The American Revolutionary war was officially ended by Congress on April 11, 1783. It is estimated that America had around 3 Million people in it at the time, all from various European countries. All these people brought with them the culture and tradition from their native lands and the great melting pot was born. Along with ideas and traditions came various units of trade. If you could pop back to this time in American history, you would find coins from all over the world being used for trade. Each coin had its own value, look and weight. Imagine the confusion this would cause. It was soon clear that this country needed its own unit of trade, one that was uniform and would be recognized by anyone. And so the penny was born.
Designed by Benjamin Franklin, the first penny was called the fugio cent. It was privately minted from 1787 to 1793 and made solely of copper. The obverse featured the sun shining down on a sundial with the caption “fugio” (I fly or flee) on one side. The bottom says “Mind your business”. The reverse shows 13 interlocking rings meant to represent each of the 13 colonies with the words “we are one” in the center.
From here, a series of what we now call large cents were produced from 1793 to 1856. Here is a list of the different large cent varieties they made:
Flowing Hair Cent (1793)
Liberty Cap Cent (1793-1797)
Draped Bust Cent (1796-1808)
Classic Head Cent (1808-1814)
Coronet Cent (1816-1857)
Matron Head Cent (1816-1839)
Braided Hair Cent (1839-1857)
No pennies were made in 1815 because of the war of 1812 and the shortage of copper that resulted.
By the mid 1800’s, these large cents were quickly becoming unpopular in commerce and expensive to mint. These coins were large and became heavy to pack around. Also, due to inflation, the price of copper started rising so that it was now costing more than 1 cent to make a penny. By 1850, pennies were no longer profitable to mint.
In 1856, the flying eagle cent came into circulation (pictured above). This coin was much smaller than its counterpart and was made of only 88% copper. The other 12% was nickel, which was a much more affordable metal. To get these new “small cents”, people could exchange their large cents or other worn foreign silver. So many flying eagle cents were made that they quickly overwhelmed the system. They were not considered legal tender and therefore banks and other merchants did not have to accept the coins. Flying eagle cents were only minted for three years. The eagle design did not strike well and it was replaced by the Indian head Cent (pictured below).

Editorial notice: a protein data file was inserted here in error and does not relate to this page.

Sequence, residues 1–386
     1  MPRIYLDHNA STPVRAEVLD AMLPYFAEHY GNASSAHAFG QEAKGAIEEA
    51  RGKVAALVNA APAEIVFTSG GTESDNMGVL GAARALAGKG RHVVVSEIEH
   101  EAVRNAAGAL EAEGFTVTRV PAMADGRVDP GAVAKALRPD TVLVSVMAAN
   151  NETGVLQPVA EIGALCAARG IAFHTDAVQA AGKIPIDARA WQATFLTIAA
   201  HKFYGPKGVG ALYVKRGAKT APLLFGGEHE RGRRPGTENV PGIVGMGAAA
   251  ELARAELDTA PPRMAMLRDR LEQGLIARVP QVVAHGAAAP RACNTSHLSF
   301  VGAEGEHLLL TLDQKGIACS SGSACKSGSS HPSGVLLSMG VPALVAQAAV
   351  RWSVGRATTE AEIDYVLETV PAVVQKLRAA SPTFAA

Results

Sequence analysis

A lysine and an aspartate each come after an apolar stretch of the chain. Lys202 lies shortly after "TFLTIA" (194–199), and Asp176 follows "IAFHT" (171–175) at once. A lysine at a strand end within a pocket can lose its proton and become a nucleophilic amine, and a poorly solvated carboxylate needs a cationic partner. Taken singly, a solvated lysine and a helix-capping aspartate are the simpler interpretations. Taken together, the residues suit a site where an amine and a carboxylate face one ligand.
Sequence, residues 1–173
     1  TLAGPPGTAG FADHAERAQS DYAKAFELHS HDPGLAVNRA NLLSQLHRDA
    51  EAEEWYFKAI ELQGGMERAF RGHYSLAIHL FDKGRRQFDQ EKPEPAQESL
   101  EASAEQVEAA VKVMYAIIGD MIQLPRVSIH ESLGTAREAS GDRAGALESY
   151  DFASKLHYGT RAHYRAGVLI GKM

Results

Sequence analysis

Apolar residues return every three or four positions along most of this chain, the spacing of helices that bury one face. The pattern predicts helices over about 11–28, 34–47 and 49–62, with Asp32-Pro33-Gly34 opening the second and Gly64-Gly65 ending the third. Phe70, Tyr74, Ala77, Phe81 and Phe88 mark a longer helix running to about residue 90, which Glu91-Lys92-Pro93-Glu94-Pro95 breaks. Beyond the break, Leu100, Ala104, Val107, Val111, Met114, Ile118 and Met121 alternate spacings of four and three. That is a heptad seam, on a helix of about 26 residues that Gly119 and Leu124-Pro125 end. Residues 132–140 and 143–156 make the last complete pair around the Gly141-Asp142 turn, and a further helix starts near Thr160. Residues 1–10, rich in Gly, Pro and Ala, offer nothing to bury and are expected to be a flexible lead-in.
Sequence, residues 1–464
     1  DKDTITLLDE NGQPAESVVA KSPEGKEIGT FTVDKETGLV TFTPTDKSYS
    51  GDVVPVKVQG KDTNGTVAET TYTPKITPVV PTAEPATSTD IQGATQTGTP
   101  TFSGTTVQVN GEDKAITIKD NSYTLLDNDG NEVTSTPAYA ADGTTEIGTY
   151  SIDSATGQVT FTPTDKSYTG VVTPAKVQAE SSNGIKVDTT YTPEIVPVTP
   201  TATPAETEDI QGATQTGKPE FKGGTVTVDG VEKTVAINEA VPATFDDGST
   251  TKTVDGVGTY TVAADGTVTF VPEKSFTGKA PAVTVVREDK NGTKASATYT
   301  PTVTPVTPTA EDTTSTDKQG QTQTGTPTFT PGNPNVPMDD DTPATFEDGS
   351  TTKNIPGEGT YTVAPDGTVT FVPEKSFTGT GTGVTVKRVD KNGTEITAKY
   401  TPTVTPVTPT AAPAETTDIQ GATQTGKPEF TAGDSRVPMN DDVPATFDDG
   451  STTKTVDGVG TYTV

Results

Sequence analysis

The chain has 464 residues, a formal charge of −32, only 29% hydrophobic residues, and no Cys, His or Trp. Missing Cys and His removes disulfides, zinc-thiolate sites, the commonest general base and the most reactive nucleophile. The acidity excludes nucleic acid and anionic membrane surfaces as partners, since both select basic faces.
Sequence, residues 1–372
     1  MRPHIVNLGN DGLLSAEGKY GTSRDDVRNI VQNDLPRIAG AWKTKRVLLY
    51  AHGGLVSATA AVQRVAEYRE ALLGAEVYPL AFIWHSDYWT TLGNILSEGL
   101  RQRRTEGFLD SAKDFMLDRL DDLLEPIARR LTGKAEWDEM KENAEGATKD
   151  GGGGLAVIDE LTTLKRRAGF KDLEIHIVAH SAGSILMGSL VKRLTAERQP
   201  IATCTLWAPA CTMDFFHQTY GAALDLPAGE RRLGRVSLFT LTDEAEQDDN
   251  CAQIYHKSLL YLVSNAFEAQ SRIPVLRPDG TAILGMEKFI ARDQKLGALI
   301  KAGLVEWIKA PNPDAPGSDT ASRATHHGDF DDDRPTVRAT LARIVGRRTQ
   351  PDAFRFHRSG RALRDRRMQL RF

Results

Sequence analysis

The Indian head cent was minted from 1859-1909. Most of these coins were minted to pay union soldiers during the Civil War. After the war, in 1864, its composition was changed once again to be 95% copper and 5% zinc. Also in this year the Coinage act of 1864 was passed. This act made the one cent coin legal tender and now merchants and banks across the country had to accept them.
In 1909, to commemorate Abraham Lincoln’s 100th birthday, the design on the penny was changed once again. Commonly known as the wheat cent (pictured below), this coin featured a profile view of Lincoln on the obverse and a pair of wheat ears circling the words “one cent” on the reverse Lincoln was the first historical figure to be used on a US coin and his picture remains on the penny to this day.
Although its design has changed many times, the purpose of the cent remains the same. It was not only our first official coin, but it helped shape our nation. Check out all the different cents we have for sale on Ebay and our website and stay tuned for more about the infamous wheat cent